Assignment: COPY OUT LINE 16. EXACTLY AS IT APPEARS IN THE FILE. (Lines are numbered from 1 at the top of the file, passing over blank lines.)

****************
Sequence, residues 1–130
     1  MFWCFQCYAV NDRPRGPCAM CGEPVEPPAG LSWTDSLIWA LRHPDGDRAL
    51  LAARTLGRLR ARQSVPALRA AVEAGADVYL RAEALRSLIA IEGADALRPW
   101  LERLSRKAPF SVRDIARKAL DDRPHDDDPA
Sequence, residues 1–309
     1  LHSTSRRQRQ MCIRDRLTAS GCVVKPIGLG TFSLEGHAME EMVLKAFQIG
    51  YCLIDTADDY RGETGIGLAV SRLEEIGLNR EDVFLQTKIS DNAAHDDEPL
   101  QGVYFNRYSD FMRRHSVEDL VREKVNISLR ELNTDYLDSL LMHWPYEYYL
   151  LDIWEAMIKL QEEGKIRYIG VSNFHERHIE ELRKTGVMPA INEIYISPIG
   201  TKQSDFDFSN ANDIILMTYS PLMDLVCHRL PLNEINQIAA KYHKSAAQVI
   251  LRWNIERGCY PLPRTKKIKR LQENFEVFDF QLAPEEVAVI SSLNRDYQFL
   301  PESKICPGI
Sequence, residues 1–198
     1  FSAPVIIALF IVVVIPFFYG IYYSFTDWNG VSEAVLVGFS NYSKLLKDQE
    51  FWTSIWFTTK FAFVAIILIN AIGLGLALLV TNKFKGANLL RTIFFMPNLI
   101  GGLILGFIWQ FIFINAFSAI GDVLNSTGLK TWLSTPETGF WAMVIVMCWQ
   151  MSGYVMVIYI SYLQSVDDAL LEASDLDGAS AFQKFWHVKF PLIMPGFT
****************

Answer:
   101  GGLILGFIWQ FIFINAFSAI GDVLNSTGLK TWLSTPETGF WAMVIVMCWQ